We have all witnessed this exciting moment take place in a variety of ways. Engagements can be joyous and memorable. But should your moment really come at the expense of someone else’s? Our short answer concerning this topic is: probably not.
There are just so many different opportunities that you can have – or make to be – at your disposal and taking the attention away from your best friend’s or brother’s wedding day shouldn’t be on the table. Even if the mood seems to fit your vision. The venue is great. The season is perfect. And nothing compares to the romance of a successful wedding, there is something rather wrong about going about a proposal at another couple’s celebration.
Honestly, we’re not even 100% confident in the fact that you should ever ask anyone if it’s okay to propose at their wedding and put them in the uncomfortable position to have to answer. They’re already stressed enough over wedding preparation, throwing another wrench in their plans shouldn’t be something you offer.
At the end of the day, someone else paid for the space. The ambiance, the venue, the music, the decor, it wasn’t created for your special moment. And there just seems to be no redeeming reason that makes this proposal option a good one.
No matter how close you are as friends, how many mutual people you know, or even that they gave you the go-ahead to proceed, try figuring out a spot and a moment in the time that’s more personalized to you and your relationship instead of mooching off someone else’s.
Other Expert Advice
“According to Swann, there are absolutely no circumstances in which a proposal at another person’s wedding is acceptable. “The day of someone’s wedding is one day out of an entire year,” Swann tells RealSimple.com in an e-mail. “We have to keep in mind that the couple is creating a memorable moment that will last a lifetime and a proposal should not be part of the one day that the couple has to themselves: Let them enjoy it!”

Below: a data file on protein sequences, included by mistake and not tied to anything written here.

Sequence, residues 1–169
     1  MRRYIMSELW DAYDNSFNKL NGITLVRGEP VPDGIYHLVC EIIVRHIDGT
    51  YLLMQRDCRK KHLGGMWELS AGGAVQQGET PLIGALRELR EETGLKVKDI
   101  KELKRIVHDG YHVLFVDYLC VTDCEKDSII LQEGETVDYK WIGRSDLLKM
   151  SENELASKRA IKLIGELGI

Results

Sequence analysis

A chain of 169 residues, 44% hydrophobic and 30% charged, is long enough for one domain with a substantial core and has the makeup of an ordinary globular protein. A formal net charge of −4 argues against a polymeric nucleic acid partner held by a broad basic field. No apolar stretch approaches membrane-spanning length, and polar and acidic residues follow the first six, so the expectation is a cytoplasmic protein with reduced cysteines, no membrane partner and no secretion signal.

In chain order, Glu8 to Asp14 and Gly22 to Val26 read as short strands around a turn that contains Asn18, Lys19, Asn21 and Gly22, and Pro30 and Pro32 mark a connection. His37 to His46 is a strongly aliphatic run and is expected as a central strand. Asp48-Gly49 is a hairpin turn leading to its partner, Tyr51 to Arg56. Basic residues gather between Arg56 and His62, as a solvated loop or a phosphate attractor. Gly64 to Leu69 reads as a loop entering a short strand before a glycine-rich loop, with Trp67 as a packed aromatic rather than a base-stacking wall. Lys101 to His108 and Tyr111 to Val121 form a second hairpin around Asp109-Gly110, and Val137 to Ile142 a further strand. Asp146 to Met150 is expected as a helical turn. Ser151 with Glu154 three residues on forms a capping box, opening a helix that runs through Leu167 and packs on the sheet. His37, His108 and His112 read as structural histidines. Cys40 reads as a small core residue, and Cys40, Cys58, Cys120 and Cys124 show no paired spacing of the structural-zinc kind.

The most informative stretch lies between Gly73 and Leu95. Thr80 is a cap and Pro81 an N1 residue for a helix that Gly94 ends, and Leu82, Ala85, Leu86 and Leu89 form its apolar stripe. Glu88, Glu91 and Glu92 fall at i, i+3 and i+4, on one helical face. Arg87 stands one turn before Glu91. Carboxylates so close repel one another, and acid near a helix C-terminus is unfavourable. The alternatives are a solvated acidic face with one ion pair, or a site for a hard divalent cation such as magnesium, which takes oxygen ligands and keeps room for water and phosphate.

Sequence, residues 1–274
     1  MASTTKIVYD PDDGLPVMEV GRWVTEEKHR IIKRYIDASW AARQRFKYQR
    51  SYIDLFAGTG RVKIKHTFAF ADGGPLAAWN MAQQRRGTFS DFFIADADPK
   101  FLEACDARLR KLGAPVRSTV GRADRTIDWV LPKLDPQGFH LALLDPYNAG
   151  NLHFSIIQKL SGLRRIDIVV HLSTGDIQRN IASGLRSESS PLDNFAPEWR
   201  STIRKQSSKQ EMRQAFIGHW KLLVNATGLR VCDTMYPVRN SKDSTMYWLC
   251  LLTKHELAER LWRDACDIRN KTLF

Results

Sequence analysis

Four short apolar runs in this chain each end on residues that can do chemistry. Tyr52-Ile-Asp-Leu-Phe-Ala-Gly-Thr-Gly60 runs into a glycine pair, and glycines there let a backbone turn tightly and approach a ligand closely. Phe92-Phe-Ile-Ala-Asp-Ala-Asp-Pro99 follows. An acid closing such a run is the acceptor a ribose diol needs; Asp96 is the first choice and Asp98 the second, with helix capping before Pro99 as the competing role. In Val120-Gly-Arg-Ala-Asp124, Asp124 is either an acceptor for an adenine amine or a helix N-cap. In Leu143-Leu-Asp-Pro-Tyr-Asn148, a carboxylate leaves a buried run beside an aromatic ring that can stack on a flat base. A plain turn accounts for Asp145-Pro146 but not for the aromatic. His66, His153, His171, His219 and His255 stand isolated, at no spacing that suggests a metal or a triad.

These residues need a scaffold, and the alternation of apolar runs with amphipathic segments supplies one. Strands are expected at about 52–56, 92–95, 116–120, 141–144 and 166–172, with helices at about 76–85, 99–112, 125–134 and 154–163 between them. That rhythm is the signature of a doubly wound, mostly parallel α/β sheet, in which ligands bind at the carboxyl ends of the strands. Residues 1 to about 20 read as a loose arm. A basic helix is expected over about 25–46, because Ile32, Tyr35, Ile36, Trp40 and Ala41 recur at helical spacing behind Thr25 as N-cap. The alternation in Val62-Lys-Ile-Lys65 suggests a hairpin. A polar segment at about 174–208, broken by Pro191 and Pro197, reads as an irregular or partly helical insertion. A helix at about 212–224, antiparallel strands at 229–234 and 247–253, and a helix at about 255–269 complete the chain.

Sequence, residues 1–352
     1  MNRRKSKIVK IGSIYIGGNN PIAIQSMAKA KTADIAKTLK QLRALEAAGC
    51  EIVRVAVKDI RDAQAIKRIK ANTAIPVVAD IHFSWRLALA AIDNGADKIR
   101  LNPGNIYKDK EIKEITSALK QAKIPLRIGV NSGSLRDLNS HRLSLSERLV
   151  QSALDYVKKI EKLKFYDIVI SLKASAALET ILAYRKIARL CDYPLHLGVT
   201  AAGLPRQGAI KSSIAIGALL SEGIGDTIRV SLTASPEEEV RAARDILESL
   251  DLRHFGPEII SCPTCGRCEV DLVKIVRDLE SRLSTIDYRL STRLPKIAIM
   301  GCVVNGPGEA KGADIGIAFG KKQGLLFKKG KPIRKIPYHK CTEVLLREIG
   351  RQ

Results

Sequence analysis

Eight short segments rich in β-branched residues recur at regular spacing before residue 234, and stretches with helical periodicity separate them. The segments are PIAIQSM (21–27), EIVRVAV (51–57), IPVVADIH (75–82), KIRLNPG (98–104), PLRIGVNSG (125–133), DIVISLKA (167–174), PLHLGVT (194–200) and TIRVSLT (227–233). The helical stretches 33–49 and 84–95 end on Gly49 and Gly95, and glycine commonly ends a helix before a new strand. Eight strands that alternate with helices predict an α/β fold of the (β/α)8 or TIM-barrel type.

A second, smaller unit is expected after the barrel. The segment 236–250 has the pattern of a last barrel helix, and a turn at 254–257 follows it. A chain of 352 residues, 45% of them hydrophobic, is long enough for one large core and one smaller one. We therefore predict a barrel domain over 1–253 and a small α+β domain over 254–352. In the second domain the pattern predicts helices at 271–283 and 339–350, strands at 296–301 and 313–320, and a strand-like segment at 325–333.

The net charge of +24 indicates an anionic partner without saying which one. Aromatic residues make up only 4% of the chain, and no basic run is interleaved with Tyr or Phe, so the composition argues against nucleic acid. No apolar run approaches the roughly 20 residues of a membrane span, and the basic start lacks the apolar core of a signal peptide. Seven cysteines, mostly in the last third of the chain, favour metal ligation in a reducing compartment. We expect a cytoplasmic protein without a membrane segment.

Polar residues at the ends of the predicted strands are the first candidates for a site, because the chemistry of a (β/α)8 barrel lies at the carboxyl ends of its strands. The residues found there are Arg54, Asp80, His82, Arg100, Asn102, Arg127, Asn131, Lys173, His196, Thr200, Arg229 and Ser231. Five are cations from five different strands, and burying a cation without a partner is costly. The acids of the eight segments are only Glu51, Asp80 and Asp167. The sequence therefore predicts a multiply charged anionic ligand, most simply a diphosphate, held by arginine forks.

Gottsman, mostly agrees, but says there is one exception to this rule: If the proposal has been prearranged and pre-approved by both the bride and groom well in advance. Gottsman says this could happen if the to-be-engaged couple comes from a close-knit family and the proposal is expected to be a family affair. For example, if the family is scattered across the country, or even globally, having a celebration like a wedding is a convenient time when everyone is already gathered together. She also notes that if one of the members of the to-be engaged couple is part of the armed services and is home for only a short time, that might be part of the conversation, too.” – Real Simple
“Etiquette expert and editor-in-chief Diane Forden, shares three things anyone must do before they even think about putting a ring on it at someone else’s party:
Clear it with the couple first and if they are in any way hesitant then reconsider (if they politely say, “Well, OK,” then that’s not a good sign). We bet that if you follow up a few days later with just the groom-to-be, then you’ll find out how his bride-to-be really feels about it.
If the couple agrees and is excited about it, then it should be done at the very end of the wedding, perhaps after the bouquet toss or just before the last dance. That way, the proposal won’t “steal the thunder” from the newlyweds.
Feel out what your intended’s reaction might be. Solicit a little help from her friends and have them bring up this Reddit photo in conversation so that they can suss out how she responds to the idea. She might think it’s fun and romantic. However, if she proclaims that it’s awful, and she would prefer for her own proposal to be more intimate and not associated with anyone else’s happy occasion, then scratch the idea entirely.” – Bridal Guide
And then there’s this always delightful list from Buzzfeed mapping out real-life examples and reason to just not go there.